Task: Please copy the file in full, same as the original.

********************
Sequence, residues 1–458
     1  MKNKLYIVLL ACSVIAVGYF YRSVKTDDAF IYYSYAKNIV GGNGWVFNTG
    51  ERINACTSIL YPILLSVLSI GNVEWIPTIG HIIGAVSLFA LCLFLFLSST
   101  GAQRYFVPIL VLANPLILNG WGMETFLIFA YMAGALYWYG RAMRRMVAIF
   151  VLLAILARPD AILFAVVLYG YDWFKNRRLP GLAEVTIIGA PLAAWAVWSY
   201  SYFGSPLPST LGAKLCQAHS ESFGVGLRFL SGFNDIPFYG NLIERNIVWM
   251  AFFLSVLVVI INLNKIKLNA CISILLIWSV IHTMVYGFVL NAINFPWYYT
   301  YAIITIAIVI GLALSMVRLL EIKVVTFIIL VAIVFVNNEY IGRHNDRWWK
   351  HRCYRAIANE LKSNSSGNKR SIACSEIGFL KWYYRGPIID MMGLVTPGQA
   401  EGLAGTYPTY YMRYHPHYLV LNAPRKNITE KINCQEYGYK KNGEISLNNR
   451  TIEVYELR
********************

Sequence, residues 1–458
     1  MKNKLYIVLL ACSVIAVGYF YRSVKTDDAF IYYSYAKNIV GGNGWVFNTG
    51  ERINACTSIL YPILLSVLSI GNVEWIPTIG HIIGAVSLFA LCLFLFLSST
   101  GAQRYFVPIL VLANPLILNG WGMETFLIFA YMAGALYWYG RAMRRMVAIF
   151  VLLAILARPD AILFAVVLYG YDWFKNRRLP GLAEVTIIGA PLAAWAVWSY
   201  SYFGSPLPST LGAKLCQAHS ESFGVGLRFL SGFNDIPFYG NLIERNIVWM
   251  AFFLSVLVVI INLNKIKLNA CISILLIWSV IHTMVYGFVL NAINFPWYYT
   301  YAIITIAIVI GLALSMVRLL EIKVVTFIIL VAIVFVNNEY IGRHNDRWWK
   351  HRCYRAIANE LKSNSSGNKR SIACSEIGFL KWYYRGPIID MMGLVTPGQA
   401  EGLAGTYPTY YMRYHPHYLV LNAPRKNITE KINCQEYGYK KNGEISLNNR
   451  TIEVYELR